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European Court may yet force AbbVie and InterMune to release data

Orders rethink on EMA's Humira and Esbriet injunction

European Medicines Agency (EMA)The European Court of Justice has ordered a re-examination of an earlier decision preventing the European Medicines Agency (EMA) from releasing clinical trial data against the will of two pharma companies.

The case revolves around an injunction granted in April to AbbVie and InterMune that blocked the release of information under the EMA's access-to-documents programme, set up by the agency in 2010.

In its latest ruling, the ECJ has concluded that the EU's General Court tribunal "erred in law" when it prevented the EMA from releasing the data, and has ordered it to reconsider its verdict.

AbbVie is trying to block the release of individual patient-level data on its big-selling arthritis drug Humira (adalimumab), while InterMune is trying to block a request from academic researchers for information on its only marketed product, idiopathic pulmonary fibrosis (IPF) drug Esbriet (pirfenidone).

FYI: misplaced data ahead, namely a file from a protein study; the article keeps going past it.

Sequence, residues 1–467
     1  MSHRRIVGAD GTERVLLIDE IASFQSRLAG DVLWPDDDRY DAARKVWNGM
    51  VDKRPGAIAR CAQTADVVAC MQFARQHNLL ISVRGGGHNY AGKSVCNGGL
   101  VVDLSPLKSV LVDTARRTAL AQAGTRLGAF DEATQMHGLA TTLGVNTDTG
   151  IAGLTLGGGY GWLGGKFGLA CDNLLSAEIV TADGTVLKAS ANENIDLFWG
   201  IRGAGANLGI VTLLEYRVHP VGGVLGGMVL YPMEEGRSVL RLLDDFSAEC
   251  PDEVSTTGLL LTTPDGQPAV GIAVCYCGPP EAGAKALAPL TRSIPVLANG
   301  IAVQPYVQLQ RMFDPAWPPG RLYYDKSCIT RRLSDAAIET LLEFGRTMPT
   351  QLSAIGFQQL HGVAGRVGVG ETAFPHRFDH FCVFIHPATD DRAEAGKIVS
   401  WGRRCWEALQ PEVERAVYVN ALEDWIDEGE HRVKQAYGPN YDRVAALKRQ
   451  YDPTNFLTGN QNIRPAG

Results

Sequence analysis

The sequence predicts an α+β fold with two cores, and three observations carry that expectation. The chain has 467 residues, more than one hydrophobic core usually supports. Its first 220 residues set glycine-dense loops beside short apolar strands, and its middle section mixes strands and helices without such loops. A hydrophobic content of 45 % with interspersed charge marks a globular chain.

The EMA said it will not go ahead with disclosing the documents related to the case until the General Court has reached a conclusion on the case, while the companies limited themselves to saying they were confident that the lower court would rule in favour of upholding the injunction. At the moment there is no indication when a decision may be reached.

AbbVie and InterMune are backed by the European Federation of Pharmaceutical Industries and Associations (EFPIA) which has warned that the interests of drug developers could be suffer significant commercial harm if data is released indiscriminately.

The legal dispute strikes at the heart of the increasingly acrimonious debate between industry and the EU regulator on the topic of clinical trial transparency, which is approaching a conclusion as the EMA sifts through hundreds of comments on proposals that were due to come into force on January 1 but have now been delayed.

In October, the senior figures at the EMA hit back at industry's reluctance to make de-identified patient-level data and full clinical study reports (CSRs) more widely available, saying its fears about giving up trade secrets were unfounded and block important health research.

Article by
Phil Taylor

6th December 2013

From: Research, Regulatory



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